Non-ionic emulsifiers are commonly found in existing pharmaceutical and cosmetic formulations and have been widely employed to enhance the penetration and permeation of active ingredients into the skin. With the potential of disrupting skin barrier function and increasing fluidity of stratum corneum (SC) lipids, we herein examined the effects of two kinds of non-ionic emulsifiers on intercellular lipids of skin, using confocal Raman spectroscopy (CRS) with lipid signals on skin CRS spectrum. Non-ionic emulsifiers of polyethylene glycol alkyl ethers and sorbitan fatty acid esters were studied to obtain a deep understanding of the mechanism between non-ionic emulsifiers and SC lipids. Emulsifier solutions and dispersions were prepared and applied onto excised porcine skin. Water and sodium laureth sulfate solution (SLS) served as controls. SC lipid signals were analysed by CRS regarding lipid content, conformation and lateral packing order. Polyethylene glycol (PEG) sorbitan esters revealed no alteration of intercellular lipid properties while PEG-20 ethers appeared to have the most significant effects on reducing lipid content and interrupting lipid organization. In general, the polyoxyethylene chain and alkyl chain of PEG derivative emulsifiers might indicate their ability of interaction with SC components. HLB values remained critical for complete explanation of emulsifier effects on skin lipids. With this study, it is possible to characterize the molecular effects of non-ionic emulsifiers on skin lipids and further deepen the understanding of enhancing substance penetration with reduced skin barrier properties and increased lipid fluidity.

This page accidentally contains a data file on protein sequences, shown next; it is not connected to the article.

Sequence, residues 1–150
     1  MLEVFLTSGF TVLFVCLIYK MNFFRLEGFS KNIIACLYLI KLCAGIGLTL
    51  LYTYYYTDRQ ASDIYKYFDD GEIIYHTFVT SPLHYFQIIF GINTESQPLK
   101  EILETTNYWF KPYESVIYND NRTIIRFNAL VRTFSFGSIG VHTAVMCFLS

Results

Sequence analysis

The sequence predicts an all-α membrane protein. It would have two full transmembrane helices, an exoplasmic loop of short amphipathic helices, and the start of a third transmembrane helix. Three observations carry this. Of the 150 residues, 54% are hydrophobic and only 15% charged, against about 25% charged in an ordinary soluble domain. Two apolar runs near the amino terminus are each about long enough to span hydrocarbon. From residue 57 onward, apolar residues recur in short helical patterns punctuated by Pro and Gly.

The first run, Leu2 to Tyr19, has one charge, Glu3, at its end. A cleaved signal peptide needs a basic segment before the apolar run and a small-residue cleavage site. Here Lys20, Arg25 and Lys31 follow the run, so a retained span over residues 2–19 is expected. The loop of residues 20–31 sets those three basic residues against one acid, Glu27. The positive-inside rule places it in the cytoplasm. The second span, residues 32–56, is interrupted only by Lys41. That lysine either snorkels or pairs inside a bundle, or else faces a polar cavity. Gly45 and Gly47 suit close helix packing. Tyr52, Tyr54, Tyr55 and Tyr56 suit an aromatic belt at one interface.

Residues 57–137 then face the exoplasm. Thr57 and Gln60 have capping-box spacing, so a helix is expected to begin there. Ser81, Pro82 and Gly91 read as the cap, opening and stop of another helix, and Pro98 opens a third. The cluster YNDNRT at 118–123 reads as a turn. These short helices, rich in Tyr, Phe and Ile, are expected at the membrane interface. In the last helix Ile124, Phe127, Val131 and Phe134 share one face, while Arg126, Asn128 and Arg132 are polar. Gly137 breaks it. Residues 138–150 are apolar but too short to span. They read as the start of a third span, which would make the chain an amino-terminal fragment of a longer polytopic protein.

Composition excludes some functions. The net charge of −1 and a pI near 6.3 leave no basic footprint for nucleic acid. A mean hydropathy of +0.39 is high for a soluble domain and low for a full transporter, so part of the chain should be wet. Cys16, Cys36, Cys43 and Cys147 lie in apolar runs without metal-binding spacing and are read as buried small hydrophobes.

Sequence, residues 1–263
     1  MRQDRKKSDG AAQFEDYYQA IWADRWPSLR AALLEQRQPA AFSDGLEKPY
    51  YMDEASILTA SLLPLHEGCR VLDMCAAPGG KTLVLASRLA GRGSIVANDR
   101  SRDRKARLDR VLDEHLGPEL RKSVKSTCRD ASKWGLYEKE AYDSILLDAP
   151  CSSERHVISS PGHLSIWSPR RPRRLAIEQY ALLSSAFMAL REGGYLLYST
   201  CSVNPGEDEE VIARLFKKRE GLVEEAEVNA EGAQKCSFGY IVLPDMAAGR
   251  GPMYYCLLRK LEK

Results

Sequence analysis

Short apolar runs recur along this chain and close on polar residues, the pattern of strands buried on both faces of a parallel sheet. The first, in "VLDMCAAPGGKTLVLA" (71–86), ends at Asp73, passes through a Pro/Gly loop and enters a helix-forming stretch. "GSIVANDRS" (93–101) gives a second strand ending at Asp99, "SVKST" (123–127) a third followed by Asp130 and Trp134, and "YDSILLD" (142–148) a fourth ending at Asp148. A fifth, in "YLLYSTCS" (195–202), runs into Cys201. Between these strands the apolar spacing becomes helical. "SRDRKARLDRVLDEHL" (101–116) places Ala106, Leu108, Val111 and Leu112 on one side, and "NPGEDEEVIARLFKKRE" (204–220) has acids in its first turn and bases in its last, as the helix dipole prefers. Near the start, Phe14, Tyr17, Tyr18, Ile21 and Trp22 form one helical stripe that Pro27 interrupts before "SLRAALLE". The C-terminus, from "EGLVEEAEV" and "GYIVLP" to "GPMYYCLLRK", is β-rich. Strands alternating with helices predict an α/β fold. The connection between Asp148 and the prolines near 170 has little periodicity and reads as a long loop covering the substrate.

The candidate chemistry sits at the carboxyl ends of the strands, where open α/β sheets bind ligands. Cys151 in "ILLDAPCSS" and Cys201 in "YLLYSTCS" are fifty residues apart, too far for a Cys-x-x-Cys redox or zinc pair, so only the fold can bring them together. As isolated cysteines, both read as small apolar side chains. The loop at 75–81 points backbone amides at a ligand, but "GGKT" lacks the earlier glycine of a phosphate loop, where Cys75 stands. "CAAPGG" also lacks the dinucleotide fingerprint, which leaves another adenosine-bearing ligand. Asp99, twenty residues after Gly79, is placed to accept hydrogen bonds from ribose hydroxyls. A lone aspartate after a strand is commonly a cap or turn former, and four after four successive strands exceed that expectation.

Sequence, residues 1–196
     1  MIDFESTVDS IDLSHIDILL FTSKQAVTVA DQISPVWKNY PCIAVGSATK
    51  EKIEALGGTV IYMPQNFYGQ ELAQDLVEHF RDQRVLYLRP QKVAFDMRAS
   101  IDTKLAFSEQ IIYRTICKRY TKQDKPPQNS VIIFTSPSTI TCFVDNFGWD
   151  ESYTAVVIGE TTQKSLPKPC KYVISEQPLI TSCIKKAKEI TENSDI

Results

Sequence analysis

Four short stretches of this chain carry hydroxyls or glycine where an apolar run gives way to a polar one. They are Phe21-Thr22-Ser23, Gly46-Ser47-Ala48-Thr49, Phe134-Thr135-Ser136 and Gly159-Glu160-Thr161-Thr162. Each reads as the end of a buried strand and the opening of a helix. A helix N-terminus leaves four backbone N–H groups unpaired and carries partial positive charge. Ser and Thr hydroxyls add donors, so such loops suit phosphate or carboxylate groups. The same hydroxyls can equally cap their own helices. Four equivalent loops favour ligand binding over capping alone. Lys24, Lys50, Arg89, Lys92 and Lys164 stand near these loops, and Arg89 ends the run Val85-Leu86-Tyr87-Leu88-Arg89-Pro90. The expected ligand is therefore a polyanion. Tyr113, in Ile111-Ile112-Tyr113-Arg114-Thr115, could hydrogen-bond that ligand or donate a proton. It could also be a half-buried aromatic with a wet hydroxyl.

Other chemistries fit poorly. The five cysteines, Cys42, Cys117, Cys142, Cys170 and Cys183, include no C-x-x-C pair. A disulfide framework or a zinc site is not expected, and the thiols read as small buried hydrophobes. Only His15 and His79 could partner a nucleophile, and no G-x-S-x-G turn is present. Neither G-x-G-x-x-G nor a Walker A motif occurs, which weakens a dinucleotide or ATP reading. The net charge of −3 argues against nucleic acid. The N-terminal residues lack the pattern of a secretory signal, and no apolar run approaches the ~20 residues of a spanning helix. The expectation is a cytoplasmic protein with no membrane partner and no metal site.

This is an open access article distributed under the Creative Commons Attribution License
which permits unrestricted use, distribution, and reproduction in any medium, provided the original work is properly cited